Stress can cause many conditions that lead to hair loss. These include: Alopecia Areata – Sudden loss of large clumps of hair in areas around your scalp or gradual hair loss that builds over time. Telogen Effluvium – This is a condition where more hairs than normal prepare to fall out.

Stress Effect on Hair Loss

Stress, according to scientific research, affects our body in more ways than one. It affects our nervous, endocrine (hormonal) and also immune systems. When stress disturbs balance or harmony in any of the systems, they do not function at their best. This can have profound health consequences – from hair loss to a host of other illnesses.
Stress-triggered hair loss is generally short-term, or temporary. It is profound when the stressor exists, or is continually present. Chronic, or extreme, stress for long periods can cause substantial damage to your hair, sometimes leading to permanent baldness.
Once the stress factor is reduced, there is often re-growth, although the process can take up to six months, or more – provided there is no other stress factor waiting to ‘detonate.’

Signs and Symptoms

  • Feel irritable
  • Anxious
  • Low self-esteem
  • Mood changes; low mood
  • Have racing thoughts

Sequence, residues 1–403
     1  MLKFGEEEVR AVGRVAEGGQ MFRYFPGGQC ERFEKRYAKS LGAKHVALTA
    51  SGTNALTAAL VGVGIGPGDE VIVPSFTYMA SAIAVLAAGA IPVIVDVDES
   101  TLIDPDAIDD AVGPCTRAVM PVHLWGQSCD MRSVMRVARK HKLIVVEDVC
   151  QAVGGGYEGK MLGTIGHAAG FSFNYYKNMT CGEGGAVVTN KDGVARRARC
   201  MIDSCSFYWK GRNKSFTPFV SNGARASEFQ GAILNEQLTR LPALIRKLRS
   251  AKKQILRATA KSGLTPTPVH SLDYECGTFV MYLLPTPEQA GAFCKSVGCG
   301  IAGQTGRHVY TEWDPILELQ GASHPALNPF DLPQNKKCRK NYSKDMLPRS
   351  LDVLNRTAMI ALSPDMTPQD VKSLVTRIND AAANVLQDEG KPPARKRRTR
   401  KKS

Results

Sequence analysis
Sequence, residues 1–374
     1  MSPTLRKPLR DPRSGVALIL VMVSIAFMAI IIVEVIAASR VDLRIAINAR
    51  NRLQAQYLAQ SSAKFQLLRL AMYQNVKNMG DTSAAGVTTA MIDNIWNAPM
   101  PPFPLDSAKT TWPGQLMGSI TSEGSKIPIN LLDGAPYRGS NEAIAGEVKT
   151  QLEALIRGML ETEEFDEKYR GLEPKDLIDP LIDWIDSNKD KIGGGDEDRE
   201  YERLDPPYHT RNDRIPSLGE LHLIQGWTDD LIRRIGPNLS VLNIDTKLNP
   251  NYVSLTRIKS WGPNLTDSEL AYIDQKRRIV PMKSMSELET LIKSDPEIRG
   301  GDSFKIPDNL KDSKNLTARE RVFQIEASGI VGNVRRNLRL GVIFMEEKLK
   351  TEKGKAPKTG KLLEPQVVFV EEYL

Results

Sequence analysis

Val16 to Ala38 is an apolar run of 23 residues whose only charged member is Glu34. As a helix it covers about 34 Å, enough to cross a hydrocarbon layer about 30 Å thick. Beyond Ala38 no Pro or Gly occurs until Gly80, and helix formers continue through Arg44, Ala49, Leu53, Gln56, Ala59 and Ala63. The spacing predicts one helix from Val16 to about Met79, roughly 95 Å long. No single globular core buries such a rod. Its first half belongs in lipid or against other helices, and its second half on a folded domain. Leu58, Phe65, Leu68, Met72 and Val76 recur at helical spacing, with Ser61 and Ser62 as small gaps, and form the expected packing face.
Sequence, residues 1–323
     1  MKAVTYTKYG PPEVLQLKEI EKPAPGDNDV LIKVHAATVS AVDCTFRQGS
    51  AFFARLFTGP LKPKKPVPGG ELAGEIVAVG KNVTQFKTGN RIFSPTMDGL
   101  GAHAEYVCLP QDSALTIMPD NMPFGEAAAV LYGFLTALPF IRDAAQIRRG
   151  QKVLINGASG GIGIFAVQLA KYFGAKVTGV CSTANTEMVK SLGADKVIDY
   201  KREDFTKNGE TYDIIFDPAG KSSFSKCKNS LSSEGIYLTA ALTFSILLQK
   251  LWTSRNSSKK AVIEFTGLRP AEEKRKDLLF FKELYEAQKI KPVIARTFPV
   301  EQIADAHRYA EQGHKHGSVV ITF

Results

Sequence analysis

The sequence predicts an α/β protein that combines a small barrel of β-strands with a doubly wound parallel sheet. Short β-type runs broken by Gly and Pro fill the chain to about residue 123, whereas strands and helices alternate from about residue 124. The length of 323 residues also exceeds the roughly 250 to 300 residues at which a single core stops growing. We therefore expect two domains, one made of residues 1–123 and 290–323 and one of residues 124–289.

• Worry constantly
  • Imagine that something worse is going to happen
  • Lose your temper easily
  • Drink more; smoke more
  • Talk fast, or go out often
  • Change in your eating habits
  • Isolate yourself; not socialise
  • Are forgetful or awkward
  • Are impetuous; act hastily
  • Have difficulty to concentrate or focus


Chronic, or prolonged periods of stress like illness, divorce, death of a loved one, job loss, surgical stress, or accidents can trigger temporary hair loss. It can stop hair from growing. After a few months, the hair falls out and is not replaced.
Why does this happen? Severe stress can cause the growing hair follicles to prematurely move into the regression phase and, thereafter, the resting phase, during which the hair fall out uneventfully.
The shedding may not be apparent for the first few weeks; but, when it occurs suddenly, it becomes obvious. This may occur as a delayed response, so it is often a ‘hairy’ catch-22 situation for the person suffering from the condition.
What compounds the problem is the stressful event per se is often forgotten. It is also seldom connected with the ‘new’ dilemma – hair loss. The end result is a scalp showing hair loss.

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